MedPAC also recommended that the Centers for Medicare & Medicaid Services replace its current array of hospital quality programs with a new, streamlined “hospital value incentive program,” or HVIP, that would replace the Hospital Inpatient Quality Program, the Hospital Readmissions Reduction Program, the Hospital-Acquired Condition Reduction Program, and the Hospital Value-Based Purchasing Program.

MedPAC’s recommendations are binding on neither the administration nor Congress but its views are highly respected and often find their way into new laws, new policies, and new programs.

Learn more about MedPAC’s annual recommendations to Congress in the full MedPAC report or the MedPAC fact sheet that accompanies the recommendations’ release.

Trump Budget Brings Bad News for Private Safety-Net Hospitals

The FY 2020 federal budget proposed by the Trump administration this week would bring pain for private safety-net hospitals if adopted.

Highlights of the proposed spending plan include:

  • More than $135 billion in cuts in Medicare uncompensated care payments (Medicare DSH) and Medicare bad debt reimbursement over the next 10 years.
  • Continued extension of Medicare site-neutral payment outpatient policies.
  • $48 billion in cuts in graduate medical education spending over the next 10 years.
  • $26 billion in new Medicaid disproportionate share (Medicaid DSH) cuts.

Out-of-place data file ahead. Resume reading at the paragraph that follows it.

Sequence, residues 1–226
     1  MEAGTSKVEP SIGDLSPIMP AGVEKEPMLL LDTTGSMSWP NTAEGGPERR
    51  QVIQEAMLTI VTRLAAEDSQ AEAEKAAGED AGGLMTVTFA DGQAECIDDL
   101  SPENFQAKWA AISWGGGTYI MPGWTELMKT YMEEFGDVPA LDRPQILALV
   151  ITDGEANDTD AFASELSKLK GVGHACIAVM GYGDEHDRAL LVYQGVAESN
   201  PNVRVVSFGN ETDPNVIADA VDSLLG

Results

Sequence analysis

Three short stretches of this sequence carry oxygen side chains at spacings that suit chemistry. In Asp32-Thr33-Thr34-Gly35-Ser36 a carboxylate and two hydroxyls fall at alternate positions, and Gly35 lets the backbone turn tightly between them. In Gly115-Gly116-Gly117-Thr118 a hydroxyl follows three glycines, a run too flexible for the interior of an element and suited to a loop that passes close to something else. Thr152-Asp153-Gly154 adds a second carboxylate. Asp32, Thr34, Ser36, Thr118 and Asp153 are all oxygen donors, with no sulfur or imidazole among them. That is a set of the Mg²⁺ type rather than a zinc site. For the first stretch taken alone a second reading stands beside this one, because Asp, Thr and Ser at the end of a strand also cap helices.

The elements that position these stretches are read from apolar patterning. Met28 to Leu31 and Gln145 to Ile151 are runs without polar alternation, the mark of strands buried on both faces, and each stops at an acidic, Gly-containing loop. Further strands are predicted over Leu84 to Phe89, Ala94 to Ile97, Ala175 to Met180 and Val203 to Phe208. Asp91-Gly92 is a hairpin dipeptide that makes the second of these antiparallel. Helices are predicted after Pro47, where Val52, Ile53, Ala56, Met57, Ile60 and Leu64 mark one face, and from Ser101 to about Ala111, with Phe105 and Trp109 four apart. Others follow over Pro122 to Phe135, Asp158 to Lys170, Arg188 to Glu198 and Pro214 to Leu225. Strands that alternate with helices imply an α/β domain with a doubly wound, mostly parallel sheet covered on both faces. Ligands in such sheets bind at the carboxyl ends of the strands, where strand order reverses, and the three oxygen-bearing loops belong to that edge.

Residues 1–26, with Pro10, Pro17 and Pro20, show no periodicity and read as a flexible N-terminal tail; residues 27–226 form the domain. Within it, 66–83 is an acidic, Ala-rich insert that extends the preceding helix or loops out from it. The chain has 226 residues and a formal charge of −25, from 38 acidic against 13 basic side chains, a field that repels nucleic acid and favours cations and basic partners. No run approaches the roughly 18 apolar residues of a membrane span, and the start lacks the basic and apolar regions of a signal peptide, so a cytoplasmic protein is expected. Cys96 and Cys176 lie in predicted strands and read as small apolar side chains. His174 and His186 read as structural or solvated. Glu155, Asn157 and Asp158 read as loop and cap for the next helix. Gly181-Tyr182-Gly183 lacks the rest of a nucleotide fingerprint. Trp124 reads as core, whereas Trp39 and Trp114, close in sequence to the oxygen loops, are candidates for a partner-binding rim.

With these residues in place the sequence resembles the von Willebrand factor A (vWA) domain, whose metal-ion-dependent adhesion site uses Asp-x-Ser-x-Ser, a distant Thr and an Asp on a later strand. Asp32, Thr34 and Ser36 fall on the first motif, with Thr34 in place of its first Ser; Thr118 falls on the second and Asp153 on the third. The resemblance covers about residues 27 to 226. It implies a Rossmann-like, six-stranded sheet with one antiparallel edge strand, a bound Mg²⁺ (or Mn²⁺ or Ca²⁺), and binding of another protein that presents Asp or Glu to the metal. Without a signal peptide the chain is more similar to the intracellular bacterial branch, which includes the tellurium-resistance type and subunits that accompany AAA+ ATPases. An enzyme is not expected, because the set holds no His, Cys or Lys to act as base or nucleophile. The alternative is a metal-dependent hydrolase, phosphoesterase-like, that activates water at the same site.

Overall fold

• Repeal of the Affordable Care Act’s Medicaid expansion and all funding to pay for that expansion.
  • Support for legislation to introduce Medicaid block grants and limits on spending per recipient.
  • New restrictions on the 340B program.

Responsibility for adopting a budget rests with Congress, not the president, and this proposed budget is considered unlikely to gain much support in Congress.

As appropriate, NASH will engage in advocacy in support of the needs of the nation’s private safety-net hospitals.

Learn more about the administration’s proposed budget from numerous media reports or by going directly to the source:  fact sheets the White House has prepared offering budget highlights and the budget document itself.

 

Stark Changes Coming to Facilitate Value Care?

At a Washington, D.C. conference, Centers for Medicare & Medicaid Services Administrator Seema Verma announced that changes coming in Stark law requirements will enable Medicare to make better use of value-based purchasing in its reimbursement system.

In addition to addressing cybersecurity and electronic health record system issues, changes in the anti-self-referral law will seek to facilitate better coordination of care for Medicare patients.  Verma explained the underlying rationale for the anticipated changes, noting that